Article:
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The Joy of the Lord July 24, 2007

Posted by amybeth in Deep, God.

I came across an article written by John Paul Jackson of Streams Ministries that really touched and challenged me. I’m going to paste a portion of the article here and then comment on it below.

“Has anyone ever come up to you and tried to encourage you with the following verse? It sounds like a psalm, but it’s actually found in Nehemiah. The joy of the Lord is your strength. You can find this verse all over the Christian world — greeting cards, refrigerator magnets, church bulletins — but what does it actually mean? More specifically, does it really mean what most of us think it does?

In different ways, many of us take this verse to be the Christian life standard: “I will be joyful. The joy of the Lord will be my strength even if it kills me!” When taken to an extreme, this belief literally will kill you because it doesn’t allow you to be real, process pain or genuine joy, grow spiritually or truly know your Father.

Some of us assume it’s a command: “I’m supposed to be joyful all the time, and if I’m not, something must be wrong with me. I have to try harder, because clearly I’m not measuring up.”

Both of these assumptions are entirely wrong. Jesus does not expect you to be joyful all the time. He’s been here; He knows what living on earth is like. He knows it’s hard, and He understands why we fail sometimes. Most of us don’t comprehend this last aspect especially — God actually understands why I did what I did? You mean, He’s not sitting up in Heaven with a judgment stick, ready to sever our relationship the minute I even think the wrong thing?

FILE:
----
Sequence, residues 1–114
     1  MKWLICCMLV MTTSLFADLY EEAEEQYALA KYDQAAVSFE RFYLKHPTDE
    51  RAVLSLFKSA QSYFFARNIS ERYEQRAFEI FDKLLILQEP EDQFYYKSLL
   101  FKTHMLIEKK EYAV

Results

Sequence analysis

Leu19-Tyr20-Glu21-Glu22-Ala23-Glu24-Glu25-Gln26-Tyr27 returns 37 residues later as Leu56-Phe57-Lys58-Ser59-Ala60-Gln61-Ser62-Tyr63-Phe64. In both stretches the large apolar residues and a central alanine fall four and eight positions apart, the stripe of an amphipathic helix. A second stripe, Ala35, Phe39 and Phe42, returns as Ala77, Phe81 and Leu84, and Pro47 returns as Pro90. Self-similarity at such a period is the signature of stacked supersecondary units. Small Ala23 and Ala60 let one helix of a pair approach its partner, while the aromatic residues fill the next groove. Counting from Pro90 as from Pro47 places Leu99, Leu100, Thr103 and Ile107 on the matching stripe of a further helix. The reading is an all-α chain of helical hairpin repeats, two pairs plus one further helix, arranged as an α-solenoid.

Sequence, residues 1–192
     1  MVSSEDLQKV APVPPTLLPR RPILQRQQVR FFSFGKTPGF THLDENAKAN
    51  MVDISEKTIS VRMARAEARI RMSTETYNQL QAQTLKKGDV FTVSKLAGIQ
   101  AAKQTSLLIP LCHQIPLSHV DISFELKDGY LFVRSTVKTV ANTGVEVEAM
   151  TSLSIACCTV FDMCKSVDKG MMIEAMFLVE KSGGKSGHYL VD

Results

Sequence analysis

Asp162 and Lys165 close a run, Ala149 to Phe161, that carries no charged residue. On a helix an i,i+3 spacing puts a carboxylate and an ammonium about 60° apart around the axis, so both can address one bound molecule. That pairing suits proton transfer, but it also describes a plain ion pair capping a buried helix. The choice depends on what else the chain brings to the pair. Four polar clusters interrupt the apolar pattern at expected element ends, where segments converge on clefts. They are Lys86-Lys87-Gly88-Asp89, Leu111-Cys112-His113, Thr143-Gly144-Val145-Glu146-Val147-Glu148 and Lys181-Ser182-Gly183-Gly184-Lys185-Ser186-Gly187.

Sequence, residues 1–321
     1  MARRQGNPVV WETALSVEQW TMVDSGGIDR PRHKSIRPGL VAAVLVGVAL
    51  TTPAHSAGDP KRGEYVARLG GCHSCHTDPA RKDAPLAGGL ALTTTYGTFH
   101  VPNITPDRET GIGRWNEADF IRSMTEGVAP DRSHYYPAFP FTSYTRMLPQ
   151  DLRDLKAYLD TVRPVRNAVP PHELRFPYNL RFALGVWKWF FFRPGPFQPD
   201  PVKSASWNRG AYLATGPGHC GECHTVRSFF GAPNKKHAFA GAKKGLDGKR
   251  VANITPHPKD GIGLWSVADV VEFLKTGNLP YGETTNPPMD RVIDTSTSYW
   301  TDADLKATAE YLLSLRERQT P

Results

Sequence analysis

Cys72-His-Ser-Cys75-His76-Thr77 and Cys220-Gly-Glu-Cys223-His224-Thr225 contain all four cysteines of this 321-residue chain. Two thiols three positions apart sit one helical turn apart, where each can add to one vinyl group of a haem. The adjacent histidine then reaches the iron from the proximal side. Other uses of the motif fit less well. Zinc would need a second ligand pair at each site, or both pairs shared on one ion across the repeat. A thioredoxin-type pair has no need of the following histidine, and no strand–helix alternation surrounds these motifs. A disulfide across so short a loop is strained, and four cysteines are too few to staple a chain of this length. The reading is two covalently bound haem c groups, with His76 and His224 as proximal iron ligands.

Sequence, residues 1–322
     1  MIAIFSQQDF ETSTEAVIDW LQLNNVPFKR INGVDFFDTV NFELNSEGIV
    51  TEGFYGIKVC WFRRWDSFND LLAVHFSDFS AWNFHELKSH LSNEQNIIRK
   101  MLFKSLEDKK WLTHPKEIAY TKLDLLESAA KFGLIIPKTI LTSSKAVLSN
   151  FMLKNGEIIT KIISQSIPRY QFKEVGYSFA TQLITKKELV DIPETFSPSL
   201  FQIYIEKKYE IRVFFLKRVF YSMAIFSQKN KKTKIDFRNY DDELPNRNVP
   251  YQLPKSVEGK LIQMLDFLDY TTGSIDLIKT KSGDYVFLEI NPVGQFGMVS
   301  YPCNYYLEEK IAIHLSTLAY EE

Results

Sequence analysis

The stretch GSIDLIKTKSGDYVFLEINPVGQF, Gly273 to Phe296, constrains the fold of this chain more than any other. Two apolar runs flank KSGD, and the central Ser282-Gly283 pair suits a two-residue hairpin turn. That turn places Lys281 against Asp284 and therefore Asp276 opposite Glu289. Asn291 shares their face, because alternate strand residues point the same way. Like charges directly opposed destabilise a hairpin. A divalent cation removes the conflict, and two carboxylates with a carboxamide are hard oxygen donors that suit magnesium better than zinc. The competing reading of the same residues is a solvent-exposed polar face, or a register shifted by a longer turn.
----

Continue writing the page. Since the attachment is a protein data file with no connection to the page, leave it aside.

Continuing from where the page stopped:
Not at all. He knows why that step in particular made you stumble. He knows what you’re going through. He knows the thoughts, breaths and nuances of your heart — and loves you. That brings us to what the verse actually means.

The joy of the Lord will be my strength. It’s not that some heightened level of my joy will be my strength; it’s that God’s joy will be my strength. His Fatherly joy. He is so proud of us. We know that God invented laughter, but most of us don’t understand how easily He is amused, how easily He loves and how easily we delight Him.

Someday, when we get to Heaven, He’s going to pop in the DVD of our lives, and we’ll get to sit there and watch it with Him. Yes, we’ll have to give an accounting of what we’ve done wrong, but we forget the other side of that! We forget how He loves us; we forget His joy over our existence.

As He plays the DVD of our lives, He’ll say, “Oh, I loved it there when you did that, son! That blessed My heart so much, daughter! Let Me show you how great that was.” He’ll pull up a dual screen. “Here’s what you were doing, and this is what happened in Heaven when you did it.”

We will get to see what went on in Heaven when we did what we thought were small, insignificant acts on earth. Why did God ever have me do that? we wonder in our day-to-day lives here on earth, only to hear the Father say one day in Heaven, “Wow! Oh! I loved that.”

We bring a huge, galactic level of joy to our Father. We delight Him in ways that are humanly impossible to understand. That is what the joy of the Lord means, and that’s why it is our strength. When we walk in the awareness of His joy, we won’t be able to keep from rejoicing ourselves. This joy is what gives us the strength to endure.”